It apparently was intended to offer a platform to meet what IBM perceived as the unique needs of enterprise hybrid cloud computing. Specifically  the POWER10 processor focuses on energy efficiency and performance in a 7nm form factor with an expected improvement of up to 3x greater processor energy efficiency, workload capacity, and container density than the previous IBM POWER9 processor.

To IBM, the POWER10 processor is an important evolution in IBM’s roadmap for POWER. It is expected to be available in the second half of 2021, which is not very far away.

Some of the new processor innovations highlighted back in August included: the company’s first commercial 7nm processor, expected to deliver up to a 3x improvement in capacity. It also promises processor energy efficiency within the same power envelope as the POWER9 but allowing for greater performance.

It supports Multi-Petabyte Memory Clusters with a breakthrough new technology IBM calls Memory Inception, This is intended to improve cloud capacity and economics for memory-intensive workloads from ISVs like SAP, the SAS Institute, and others as well as large-model AI inference.

And there is more: new hardware-enabled security capabilities include transparent memory encryption, which is designed to support end-to-end security.  Also new processor core architectures in the IBM POWER10 processor with an embedded Matrix Math Accelerator is extrapolated to provide 10x, 15x and 20x faster AI inference for FP32, BFloat16, and INT8 calculations per socket.

There is far more packed into the Power10 processor, more than I can squeeze into one piece. But IBM points out another consideration worth keeping in mind: not all hybrid cloud models are designed equally. You might say DancingDinosaur taps the hybrid cloud because he draws on multiple cloud providers, but that is not anywhere near what the E1080 is intended to address.

Reports Dylan Boday, IBM VP of Product Management for AI and Hybrid Cloud: “When we were designing the E1080, we had to be cognizant of how the pandemic was changing not only consumer behavior, but also our customer’s behavior and needs from their IT infrastructure. The resulting E1080 is IBM’s first system designed from the silicon up for hybrid cloud environments, a system tailor-built to serve as the foundation for our vision of a dynamic and secure, frictionless hybrid cloud experience.”

By any measure, the E1080 is not a trivial machine. It offers 240 cores, 64 TB memory, 1.6 TB/sec of memory, and 576 GB/sec of IO bandwidth. Need more? The 1080 hybrid cloud capabilities include hybrid cloud-like planned industry-first with the tight metering of Red Hat software, including Red Hat OpenShift and Red Hat Enterprise Linux. It also brings 4.1x greater OpenShift containerized throughput per core vs x86. C’mon IBM, with a chip like the 1080 do you still need CPU comparisons to x86?

Klaus Fehiker, a long time Power user from Finanz Informatik is ready to board the E1080 train. “The new server addresses our demands to continue delivering our services at scale with high resiliency requirements, including new levels of security and improved energy-efficiency. We are also keen to see how the new features can accelerate our journey to cloud and the infusion of AI into our business applications.”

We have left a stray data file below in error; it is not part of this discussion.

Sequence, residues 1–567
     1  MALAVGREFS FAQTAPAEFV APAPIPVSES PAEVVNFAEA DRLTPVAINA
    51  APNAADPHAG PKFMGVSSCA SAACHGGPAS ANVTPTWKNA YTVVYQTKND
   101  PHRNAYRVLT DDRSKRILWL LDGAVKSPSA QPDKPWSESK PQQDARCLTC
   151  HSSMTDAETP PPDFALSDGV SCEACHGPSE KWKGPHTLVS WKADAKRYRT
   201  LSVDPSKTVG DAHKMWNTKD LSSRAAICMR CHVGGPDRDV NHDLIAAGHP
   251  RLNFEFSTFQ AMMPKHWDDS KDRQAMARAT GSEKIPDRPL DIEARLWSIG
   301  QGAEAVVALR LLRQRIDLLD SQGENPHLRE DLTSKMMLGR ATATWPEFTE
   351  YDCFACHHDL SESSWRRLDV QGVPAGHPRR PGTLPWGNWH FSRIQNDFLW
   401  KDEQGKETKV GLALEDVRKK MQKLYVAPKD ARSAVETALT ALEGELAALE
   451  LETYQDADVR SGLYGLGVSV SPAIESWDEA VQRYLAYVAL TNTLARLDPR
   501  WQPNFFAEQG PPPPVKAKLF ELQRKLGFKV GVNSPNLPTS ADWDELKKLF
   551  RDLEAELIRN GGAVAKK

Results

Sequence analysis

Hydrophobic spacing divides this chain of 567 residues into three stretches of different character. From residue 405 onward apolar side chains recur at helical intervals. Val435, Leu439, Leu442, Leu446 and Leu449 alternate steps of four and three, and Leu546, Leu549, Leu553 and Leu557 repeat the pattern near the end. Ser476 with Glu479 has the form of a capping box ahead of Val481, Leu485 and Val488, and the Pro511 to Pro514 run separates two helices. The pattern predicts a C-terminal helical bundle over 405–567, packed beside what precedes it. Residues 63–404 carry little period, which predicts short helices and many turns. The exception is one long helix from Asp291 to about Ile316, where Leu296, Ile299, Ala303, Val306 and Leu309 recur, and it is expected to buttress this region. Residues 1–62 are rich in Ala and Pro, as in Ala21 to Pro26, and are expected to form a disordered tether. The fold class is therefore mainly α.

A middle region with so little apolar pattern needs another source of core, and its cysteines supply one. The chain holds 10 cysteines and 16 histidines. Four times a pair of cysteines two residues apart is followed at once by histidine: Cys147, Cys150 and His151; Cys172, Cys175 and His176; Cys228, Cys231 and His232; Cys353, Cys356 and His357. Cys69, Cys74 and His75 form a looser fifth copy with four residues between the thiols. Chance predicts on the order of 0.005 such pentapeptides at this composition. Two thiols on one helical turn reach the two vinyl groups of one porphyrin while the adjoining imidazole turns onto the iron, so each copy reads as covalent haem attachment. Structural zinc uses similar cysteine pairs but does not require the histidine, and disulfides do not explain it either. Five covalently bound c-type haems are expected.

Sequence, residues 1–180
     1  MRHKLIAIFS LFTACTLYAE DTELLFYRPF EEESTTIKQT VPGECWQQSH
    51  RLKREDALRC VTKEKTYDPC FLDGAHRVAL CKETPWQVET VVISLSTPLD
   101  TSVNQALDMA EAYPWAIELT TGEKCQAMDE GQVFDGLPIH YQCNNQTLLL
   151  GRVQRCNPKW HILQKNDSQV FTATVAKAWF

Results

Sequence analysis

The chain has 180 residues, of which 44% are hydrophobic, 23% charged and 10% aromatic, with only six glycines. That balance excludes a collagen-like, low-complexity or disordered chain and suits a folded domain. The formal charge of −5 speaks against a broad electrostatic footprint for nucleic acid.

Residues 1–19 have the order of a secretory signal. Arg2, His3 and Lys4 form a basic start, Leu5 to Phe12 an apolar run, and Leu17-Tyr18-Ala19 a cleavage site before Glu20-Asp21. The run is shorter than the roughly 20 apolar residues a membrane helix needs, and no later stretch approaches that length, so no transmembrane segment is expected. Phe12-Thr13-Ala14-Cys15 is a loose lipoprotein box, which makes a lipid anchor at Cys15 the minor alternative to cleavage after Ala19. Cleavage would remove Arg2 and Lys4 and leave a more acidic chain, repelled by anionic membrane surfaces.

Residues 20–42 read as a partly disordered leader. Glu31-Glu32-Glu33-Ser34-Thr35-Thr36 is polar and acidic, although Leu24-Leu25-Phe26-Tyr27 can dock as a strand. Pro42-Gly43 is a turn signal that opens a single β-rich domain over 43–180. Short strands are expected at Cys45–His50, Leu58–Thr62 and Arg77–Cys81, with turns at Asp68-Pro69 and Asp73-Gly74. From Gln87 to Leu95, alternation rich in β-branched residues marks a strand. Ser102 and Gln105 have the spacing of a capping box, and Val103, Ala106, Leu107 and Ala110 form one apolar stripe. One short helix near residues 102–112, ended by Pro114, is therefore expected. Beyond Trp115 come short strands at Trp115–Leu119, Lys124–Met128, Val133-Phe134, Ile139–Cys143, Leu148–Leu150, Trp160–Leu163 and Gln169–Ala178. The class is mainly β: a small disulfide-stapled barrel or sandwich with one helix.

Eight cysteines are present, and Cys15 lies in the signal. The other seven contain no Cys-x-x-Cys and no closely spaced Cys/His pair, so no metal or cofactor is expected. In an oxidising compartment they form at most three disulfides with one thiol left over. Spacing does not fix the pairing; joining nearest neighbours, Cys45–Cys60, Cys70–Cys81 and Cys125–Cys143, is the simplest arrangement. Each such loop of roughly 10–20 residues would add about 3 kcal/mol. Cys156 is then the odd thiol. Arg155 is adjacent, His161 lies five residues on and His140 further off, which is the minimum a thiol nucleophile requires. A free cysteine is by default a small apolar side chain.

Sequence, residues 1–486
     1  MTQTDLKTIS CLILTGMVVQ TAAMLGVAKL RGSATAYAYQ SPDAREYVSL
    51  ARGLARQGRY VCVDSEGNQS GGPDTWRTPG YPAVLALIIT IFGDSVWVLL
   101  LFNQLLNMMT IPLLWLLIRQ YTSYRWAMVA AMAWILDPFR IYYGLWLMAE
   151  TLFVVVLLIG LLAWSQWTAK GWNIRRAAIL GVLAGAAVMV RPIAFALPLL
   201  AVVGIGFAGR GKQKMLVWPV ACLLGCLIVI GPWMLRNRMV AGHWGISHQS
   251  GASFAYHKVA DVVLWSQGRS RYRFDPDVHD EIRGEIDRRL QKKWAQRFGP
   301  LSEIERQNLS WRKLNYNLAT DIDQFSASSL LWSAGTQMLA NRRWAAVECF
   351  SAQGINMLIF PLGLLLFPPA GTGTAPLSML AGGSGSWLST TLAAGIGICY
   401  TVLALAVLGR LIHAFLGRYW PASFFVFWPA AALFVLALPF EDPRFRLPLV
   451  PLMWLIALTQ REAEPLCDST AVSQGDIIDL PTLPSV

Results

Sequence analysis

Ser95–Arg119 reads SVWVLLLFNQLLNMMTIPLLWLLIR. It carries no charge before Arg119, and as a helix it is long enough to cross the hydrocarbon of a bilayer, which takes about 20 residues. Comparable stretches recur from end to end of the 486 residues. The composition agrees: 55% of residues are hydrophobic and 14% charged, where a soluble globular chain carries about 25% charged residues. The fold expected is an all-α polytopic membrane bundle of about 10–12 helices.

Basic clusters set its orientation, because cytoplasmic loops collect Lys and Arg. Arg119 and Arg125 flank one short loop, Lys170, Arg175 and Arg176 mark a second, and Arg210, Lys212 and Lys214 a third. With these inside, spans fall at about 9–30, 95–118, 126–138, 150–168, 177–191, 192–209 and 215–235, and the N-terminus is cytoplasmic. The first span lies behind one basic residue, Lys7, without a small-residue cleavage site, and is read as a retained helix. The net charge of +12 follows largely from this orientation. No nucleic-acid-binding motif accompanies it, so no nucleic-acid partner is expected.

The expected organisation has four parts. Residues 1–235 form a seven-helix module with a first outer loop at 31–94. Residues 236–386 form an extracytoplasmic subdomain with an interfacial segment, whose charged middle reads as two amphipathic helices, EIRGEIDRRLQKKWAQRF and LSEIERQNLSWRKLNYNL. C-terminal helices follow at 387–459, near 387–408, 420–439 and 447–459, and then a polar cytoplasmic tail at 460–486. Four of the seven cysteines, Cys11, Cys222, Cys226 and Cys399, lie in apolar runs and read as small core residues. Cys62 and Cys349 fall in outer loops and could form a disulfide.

The IBM Power E1080 server helps deliver on the customer demand for a frictionless hybrid cloud experience, with architectural consistency across the entire hybrid cloud estate to simplify management, At the same time it can seamlessly scale applications to meet the dynamic needs of today’s world.

There is no doubt that the 1080 processor is an incredible achievement in almost any dimension you want to look at. After spending my entire career writing about amazing technology IBM’s  E1080 is as impressive as any I covered.  

After spending over two hours painstakingly picking my way through IBM’s spec sheet for it here please don’t ask me how much it might cost you. It’s apparent IBM is putting a lot of effort into making the E1080 flexible. And there is a dazzling array of configuration options and promises of flexible pricing. You’ll just have to figure it out on your own or hope an IBM rep can.

DancingDinosaur is Alan Radding, a veteran information technology analyst, writer, and ghostwriter. Follow DancingDinosaur on Twitter, @mainframeblog. See more of his work at

Hi Telum

September 3, 2021

Hi Telum

Last week IBM unveiled details of its upcoming new IBM Telum processor, the next-gen-microprocessor for IBM Z and IBM LinuxONE.

IBM Telum Processor was designed to bring deep learning inference to enterprise workloads. It’s mission: address fraud in real-time. To do that Telum is IBM’s first processor that contains on-chip acceleration for AI inferencing while a transaction is taking place. In short, you could catch a bad guy doing a bad thing while it is taking place. Of course you would need to put the people and processes in place to respond effectively and have them properly trained, but that is probably an entirely different conversation.

In short, you could catch a bad guy doing a bad thing while it is taking place. If you had trained people in place.Of course, you would need to put trained people and processes in place to respond effectively and have them properly trained.